Why Kenya’s manufacturing is uncompetitive


Over 50 per cent of Kenyan manufacturers feel the sector is struggling to compete with developed countries with equal pressure coming from regional states, a study has revealed.

This is in the wake of continued high costs of doing business in the country with the local market further being infiltrated by cheap imports mainly from China.

READ:What is hurting manufacturing in Kenya

The study has been unveiled by SYSPRO, a global provider of industry-built Enterprise Resource Planning (ERP) software for manufacturers and distributors, together with Strathmore University.

External factors

In the findings, energy leads as the top factor affecting businesses with a 54 per cent prevalence followed solely by the country’s political climate which accounts for 50 per cent of effect to investments.

The third most toxic factor affecting businesses is taxes with 43 per cent prevalence. Others are cheap imports (40%), exchange rates and raw materials each at 24 per cent, technical skills(17%), climate conditions(13%) , labor wages(13%) while visa requirements accounts for the least of the effects at one per cent.

“Energy was reported as the main external factors that adversely affected business operations, followed by political climate, taxes and cheap imports respectively. Raw materials, technical skills followed closely in terms of impact,” Strathmore University Professor Ismail Ateya noted during the launch of the survey in Nairobi on Wednesday.

He was a principal investigator in the survey which saw close to 100 companies drawn from 12 sectors of the production and manufacturing industry in Kenya interviewed.

It was noted that over 50 per cent of the respondents felt that Kenya’s manufacturing sector would have difficulty competing with counterparts in other developed countries that have advanced education and training systems.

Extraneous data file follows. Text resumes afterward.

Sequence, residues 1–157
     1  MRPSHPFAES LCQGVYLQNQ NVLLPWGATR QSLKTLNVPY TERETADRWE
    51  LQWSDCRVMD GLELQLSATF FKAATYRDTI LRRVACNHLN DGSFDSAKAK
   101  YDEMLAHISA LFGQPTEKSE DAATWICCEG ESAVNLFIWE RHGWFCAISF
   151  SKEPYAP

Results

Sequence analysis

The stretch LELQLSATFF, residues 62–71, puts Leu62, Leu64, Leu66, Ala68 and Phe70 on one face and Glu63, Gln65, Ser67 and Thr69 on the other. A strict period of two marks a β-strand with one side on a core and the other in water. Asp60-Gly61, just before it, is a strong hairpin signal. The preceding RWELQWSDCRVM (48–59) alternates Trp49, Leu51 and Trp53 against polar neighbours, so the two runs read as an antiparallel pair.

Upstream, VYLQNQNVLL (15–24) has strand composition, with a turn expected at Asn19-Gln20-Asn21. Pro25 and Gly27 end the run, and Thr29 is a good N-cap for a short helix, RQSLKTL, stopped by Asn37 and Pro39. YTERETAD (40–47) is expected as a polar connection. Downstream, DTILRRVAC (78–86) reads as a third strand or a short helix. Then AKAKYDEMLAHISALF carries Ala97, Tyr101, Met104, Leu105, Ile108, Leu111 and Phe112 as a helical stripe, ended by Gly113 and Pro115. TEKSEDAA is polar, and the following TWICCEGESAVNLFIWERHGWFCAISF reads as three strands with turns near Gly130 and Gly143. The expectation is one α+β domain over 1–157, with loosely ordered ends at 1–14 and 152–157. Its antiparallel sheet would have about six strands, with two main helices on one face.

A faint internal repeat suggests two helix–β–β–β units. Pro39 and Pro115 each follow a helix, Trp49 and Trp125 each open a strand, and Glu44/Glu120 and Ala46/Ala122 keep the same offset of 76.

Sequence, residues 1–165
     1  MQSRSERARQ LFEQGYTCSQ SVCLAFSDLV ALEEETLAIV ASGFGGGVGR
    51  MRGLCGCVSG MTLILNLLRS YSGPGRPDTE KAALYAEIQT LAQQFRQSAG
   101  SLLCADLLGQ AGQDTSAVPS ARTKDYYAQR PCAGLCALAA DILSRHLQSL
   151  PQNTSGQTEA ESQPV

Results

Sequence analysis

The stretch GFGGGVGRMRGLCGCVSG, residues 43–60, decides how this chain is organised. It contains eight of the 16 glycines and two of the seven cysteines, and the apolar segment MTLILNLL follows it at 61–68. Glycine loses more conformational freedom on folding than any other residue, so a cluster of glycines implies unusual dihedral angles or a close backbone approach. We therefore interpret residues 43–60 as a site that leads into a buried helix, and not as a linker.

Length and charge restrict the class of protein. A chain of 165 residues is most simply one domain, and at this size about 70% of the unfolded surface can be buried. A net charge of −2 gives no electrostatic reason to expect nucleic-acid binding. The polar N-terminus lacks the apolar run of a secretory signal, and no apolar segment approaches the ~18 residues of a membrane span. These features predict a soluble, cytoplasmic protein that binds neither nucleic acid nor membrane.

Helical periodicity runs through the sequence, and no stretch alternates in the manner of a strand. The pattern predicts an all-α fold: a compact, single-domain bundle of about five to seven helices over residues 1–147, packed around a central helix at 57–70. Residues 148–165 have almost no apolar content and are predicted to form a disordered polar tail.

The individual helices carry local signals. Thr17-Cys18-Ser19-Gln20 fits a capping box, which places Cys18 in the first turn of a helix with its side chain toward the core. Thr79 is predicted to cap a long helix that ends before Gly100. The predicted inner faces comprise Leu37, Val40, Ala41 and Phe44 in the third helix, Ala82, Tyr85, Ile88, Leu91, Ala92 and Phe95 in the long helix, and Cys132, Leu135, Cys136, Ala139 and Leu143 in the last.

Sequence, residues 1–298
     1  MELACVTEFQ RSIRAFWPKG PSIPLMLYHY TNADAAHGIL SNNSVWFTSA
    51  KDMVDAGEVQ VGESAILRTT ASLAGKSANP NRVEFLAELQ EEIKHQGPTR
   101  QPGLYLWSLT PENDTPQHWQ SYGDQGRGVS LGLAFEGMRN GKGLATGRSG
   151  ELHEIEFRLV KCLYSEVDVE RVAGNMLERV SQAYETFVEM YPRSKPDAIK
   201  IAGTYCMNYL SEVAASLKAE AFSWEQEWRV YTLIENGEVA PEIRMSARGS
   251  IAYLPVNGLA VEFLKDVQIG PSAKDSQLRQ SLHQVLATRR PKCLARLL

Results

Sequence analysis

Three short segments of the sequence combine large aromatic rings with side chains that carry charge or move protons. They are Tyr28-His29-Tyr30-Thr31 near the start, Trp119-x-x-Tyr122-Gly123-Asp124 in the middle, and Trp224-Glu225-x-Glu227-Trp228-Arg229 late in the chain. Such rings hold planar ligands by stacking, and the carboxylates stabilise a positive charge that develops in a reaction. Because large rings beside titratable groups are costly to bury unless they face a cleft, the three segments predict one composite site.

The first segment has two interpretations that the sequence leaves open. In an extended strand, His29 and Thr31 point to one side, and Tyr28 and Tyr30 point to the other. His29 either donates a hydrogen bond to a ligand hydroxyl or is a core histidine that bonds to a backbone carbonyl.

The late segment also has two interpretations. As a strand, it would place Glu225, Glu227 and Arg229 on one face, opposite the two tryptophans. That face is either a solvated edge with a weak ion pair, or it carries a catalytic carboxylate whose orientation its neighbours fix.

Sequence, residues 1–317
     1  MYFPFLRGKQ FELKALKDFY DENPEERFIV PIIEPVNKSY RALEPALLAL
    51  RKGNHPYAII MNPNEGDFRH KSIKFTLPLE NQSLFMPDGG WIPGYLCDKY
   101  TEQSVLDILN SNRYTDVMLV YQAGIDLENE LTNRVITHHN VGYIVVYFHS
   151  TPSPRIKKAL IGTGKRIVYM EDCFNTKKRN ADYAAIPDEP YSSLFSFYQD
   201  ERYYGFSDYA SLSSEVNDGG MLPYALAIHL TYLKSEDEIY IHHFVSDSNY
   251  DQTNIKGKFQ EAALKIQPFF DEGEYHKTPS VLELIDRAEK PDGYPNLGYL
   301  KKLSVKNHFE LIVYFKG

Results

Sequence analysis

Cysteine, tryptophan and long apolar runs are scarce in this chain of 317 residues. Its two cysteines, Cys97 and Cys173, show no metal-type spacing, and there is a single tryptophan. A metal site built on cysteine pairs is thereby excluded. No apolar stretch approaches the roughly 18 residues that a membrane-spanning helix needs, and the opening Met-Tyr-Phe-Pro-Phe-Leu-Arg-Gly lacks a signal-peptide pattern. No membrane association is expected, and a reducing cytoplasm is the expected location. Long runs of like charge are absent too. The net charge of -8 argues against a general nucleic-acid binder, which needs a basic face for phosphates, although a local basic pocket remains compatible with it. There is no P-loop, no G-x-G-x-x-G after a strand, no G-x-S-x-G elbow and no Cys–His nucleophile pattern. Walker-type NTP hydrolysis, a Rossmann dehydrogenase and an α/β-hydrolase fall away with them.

READ ALSO:East African SMES ready to tap into the wider African market

This comes even as manufacturers call for affordable capital financing and tax incentives for technology purchases.

The study explored productivity and competitiveness of the manufacturing sector in Kenya, the role of new technologies in improving the sector and the state of adoption and use of these new technologies.

The challenges add up to a previous finding by the Kenya Institute for Public Policy Research and Analysis (KIPPRA), which revealed lacks of access to an efficient and effective labour force, inadequate infrastructure, political uncertainties, corruption, high cost of power, and poor business environment were affecting businesses in the country.

READ ALSO:Corruption threat to my “Big Four Agenda” President Kenyatta warns

Industries surveyed include food and beverage, energy, electrical and electronics, textile and apparel, timber, wood and furniture, pharmaceutical and medical, building, mining and construction, plastic and rubber, and paper and boards.

Others are metal and allied, chemical and allied, leather and footware, automotive and power.